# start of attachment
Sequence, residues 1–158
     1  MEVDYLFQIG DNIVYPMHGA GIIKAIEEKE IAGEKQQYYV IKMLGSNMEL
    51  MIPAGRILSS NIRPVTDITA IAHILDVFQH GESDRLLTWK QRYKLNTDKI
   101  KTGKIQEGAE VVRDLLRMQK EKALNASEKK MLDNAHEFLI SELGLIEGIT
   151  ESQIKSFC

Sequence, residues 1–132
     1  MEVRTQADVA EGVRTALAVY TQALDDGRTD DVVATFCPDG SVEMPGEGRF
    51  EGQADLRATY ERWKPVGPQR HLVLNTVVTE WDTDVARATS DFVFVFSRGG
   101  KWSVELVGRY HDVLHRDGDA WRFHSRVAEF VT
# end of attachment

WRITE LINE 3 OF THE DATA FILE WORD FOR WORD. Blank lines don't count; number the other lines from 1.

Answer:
    51  MIPAGRILSS NIRPVTDITA IAHILDVFQH GESDRLLTWK QRYKLNTDKI